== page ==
Speaker of the House Nancy Pelosi earned a government salary of $212,100 last year, which made her the highest paid official in Congress by $47,000, according to the Associated Press.Not too shabby for civic duty.
However, when one also considers the combined incomes of spouses, other investments, and overall assets, things suddenly become financially astronomical.
Along with her husband, Paul Pelosi, the Californian couple has two multimillion-dollar homes in their home state.Not to mention there is also the vineyard the Pelosis own in St. Helena, California, which is estimated to be worth between $5 and $25 million dollars.
This information stems from Mondays release of annual disclosure forms, and Pelosi is not in a league of her own.Many senior lawmakers reportedly have hundreds of thousands of dollars in stock, mutual funds, and overall retirement savings.This of course, is in addition to the six-figure salaries that they make annually.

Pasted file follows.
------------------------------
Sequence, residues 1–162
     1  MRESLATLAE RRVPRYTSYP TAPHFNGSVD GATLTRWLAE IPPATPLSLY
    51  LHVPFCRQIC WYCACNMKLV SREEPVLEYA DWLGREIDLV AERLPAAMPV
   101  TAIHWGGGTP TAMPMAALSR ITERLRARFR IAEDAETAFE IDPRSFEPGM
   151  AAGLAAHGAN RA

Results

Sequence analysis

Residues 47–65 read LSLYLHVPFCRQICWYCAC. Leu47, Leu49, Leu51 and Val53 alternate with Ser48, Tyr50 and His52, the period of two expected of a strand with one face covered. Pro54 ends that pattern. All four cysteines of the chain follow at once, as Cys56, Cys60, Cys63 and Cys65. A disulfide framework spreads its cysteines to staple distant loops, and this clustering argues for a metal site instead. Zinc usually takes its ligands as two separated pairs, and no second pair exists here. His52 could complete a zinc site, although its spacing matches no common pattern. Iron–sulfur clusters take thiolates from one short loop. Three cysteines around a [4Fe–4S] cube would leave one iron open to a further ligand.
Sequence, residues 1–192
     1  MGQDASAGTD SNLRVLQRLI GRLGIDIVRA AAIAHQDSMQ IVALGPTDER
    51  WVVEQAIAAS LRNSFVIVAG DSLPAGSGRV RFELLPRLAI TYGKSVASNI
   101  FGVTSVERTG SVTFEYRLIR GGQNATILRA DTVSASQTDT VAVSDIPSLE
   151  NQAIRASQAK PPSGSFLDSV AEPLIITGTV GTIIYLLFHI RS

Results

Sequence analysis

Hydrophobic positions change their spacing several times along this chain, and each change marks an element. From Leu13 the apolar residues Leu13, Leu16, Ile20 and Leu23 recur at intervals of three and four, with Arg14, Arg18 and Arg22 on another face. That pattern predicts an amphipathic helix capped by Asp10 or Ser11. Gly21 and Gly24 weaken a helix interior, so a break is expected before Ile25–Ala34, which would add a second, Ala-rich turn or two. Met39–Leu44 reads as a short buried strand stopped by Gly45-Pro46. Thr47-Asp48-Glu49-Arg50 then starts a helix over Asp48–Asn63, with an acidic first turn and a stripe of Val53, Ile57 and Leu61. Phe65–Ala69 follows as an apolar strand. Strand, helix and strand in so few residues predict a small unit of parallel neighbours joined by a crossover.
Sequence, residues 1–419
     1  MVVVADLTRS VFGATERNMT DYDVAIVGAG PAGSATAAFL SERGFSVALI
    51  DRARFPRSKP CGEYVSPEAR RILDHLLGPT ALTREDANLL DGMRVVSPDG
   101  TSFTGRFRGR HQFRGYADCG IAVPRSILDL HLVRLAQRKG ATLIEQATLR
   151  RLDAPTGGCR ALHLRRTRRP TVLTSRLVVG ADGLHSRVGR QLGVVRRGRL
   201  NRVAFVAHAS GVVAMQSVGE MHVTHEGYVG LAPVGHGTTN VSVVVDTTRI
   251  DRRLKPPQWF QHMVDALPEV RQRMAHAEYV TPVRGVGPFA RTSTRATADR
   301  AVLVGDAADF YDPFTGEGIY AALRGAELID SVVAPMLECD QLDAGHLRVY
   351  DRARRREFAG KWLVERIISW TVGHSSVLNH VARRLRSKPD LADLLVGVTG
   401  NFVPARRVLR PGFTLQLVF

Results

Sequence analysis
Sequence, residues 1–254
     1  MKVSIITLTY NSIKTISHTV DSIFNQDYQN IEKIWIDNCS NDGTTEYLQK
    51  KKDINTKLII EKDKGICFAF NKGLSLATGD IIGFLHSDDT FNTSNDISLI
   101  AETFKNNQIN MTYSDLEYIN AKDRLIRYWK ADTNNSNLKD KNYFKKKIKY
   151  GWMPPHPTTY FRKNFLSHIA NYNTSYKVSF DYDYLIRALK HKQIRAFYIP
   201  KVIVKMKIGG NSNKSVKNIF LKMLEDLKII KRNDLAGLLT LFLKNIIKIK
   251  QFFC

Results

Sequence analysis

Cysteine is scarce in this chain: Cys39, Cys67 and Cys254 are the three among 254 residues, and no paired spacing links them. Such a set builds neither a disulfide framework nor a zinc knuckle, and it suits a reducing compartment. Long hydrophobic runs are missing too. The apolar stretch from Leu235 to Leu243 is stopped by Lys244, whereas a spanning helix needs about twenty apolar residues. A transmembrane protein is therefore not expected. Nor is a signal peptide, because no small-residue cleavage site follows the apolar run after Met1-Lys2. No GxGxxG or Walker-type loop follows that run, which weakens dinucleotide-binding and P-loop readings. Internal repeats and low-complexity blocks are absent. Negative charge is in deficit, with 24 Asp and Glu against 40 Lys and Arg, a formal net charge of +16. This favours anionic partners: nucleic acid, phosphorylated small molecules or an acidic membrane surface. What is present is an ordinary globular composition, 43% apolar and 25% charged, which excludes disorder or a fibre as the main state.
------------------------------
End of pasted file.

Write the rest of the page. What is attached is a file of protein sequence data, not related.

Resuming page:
For example, Rep. John A. Boehner of Ohio, the Republican leader in the house has invested in a variety of mutual funds, seven of which have a value of $100,000 or more.Add that to the prospect of a maturing retirement plan from former employer Nucite Sales, and Boehner could cash in on somewhere between $1 million and $5 million one day.
It is much of the same story for Rep. Steny H. Hoyer of Maryland, who has approximately $665,000 invested in retirement accounts; however, not all of Washingtons politicians are as heavily invested as others.
Rep. David Obey, D-Wis., who chairs the Appropriations Committee, lists his only major assets as a credit union account in the range of $15,000 to $50,000 and two individual retirement accounts jointly totaling somewhere from $51,000 to $115,000.
Although the numbers reported may not be precise, these disclosure forms do offer some insight into the financial situations of lawmakers above and beyond their basic salaries.